The purpose of the meeting was to have Dr. Kvit, who is also a former member of the Parliament of Ukraine, speak about the political situation in contemporary Ukraine, especially about how high impact events, including Russia’s war and military aggression on Ukrainian soil, are affecting stability, developments and reforms in higher education. He described his high-level meetings in Washington earlier that week, where he made several presentations about the fight against corruption in Ukraine.
In addition, there were consultations about possible inter-institutional articulation (faculty and student exchanges, distance learning, research) between Manor College and the National University of Kyiv Mohyla Academy, where, prior to his appointment as Ukraine’s minister of education and science, for seven years Dr. Kvit served as president and earlier as founding director and professor of its School of Journalism. The university is among the highest rated Western-style schools in Europe, with Ukrainian and English being its official teaching and research languages.
The participants at the Manor College meeting included senior officials from the three-partner consortium of regional universities that form the University Center @ Manor College: Widener University’s associate provost for global engagement and former dean of its School of Human Service Professions, Prof. Paula Silver; and the director of Alvernia University’s Philadelphia Center School of Graduate and Adult Education, Dana Baker. Representing Immaculata University was Chris Shoemaker, director of its Division of LifeLong (Extended) Learning. Ms. Shoemaker attended in behalf of Sister Ann M. Heath, IHM, Ph.D., the university’s vice-president for academic affairs, who was out of the country at the time.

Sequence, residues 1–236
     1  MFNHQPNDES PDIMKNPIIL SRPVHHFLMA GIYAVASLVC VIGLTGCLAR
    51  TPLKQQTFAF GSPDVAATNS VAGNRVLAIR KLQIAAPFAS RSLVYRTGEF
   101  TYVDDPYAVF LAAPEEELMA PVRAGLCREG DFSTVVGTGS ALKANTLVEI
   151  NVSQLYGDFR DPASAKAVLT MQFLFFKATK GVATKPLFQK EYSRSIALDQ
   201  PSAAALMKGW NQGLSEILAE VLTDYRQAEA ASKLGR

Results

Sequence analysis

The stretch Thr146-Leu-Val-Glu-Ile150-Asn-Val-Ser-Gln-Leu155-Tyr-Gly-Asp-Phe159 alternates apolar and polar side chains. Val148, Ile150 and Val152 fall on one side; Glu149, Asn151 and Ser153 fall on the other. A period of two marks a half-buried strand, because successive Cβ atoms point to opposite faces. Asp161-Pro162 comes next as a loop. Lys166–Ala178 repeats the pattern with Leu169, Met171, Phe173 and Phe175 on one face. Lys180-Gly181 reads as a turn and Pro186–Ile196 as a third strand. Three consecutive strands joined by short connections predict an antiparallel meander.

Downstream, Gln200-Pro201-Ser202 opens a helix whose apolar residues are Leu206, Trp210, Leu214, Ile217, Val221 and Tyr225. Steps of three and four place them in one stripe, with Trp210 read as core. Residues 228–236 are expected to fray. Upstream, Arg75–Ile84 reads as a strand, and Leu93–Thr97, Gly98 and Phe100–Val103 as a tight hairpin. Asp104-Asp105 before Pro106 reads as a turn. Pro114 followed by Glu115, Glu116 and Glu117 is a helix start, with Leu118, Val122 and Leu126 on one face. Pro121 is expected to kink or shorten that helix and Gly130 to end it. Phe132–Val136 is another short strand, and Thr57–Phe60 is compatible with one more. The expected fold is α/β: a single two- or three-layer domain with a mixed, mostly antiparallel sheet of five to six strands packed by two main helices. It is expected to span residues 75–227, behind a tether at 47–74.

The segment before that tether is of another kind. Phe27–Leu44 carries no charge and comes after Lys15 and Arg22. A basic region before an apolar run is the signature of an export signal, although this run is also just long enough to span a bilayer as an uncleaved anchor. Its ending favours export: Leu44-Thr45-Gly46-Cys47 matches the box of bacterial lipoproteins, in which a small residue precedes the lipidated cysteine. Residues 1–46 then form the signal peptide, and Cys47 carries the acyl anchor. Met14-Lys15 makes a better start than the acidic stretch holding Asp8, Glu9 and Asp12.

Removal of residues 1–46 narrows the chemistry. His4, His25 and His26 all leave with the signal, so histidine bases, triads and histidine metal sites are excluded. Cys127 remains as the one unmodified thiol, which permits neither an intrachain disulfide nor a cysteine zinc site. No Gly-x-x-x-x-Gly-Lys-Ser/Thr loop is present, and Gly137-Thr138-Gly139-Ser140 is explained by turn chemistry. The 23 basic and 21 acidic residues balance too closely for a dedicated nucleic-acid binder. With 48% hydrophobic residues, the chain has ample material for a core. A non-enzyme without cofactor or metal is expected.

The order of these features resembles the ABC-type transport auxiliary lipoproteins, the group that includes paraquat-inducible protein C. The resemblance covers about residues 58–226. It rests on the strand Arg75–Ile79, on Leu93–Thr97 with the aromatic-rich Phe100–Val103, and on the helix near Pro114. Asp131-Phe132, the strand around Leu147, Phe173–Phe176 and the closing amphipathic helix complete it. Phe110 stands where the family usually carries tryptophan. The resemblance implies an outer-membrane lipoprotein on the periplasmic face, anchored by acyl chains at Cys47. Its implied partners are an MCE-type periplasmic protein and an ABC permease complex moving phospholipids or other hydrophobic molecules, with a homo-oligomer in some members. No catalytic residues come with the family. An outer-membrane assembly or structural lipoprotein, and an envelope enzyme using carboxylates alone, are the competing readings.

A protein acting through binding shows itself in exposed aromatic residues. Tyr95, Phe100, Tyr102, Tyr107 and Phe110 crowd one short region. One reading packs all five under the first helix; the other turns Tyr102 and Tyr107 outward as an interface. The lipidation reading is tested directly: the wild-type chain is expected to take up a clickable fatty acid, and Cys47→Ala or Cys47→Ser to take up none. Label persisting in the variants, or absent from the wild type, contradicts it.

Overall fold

The University Center @ Manor College is a focal point in the Southeastern Pennsylvania/Metro Philadelphia region for undergraduate and graduate degrees, as well as accelerated learning, where each program (from bachelor’s degrees in more than eight majors to a doctoral degree in educational leadership, Grades K-12) is geared to adult learners studying with regular university professors in a planned sequence on Manor College’s campus in Jenkintown, Pa.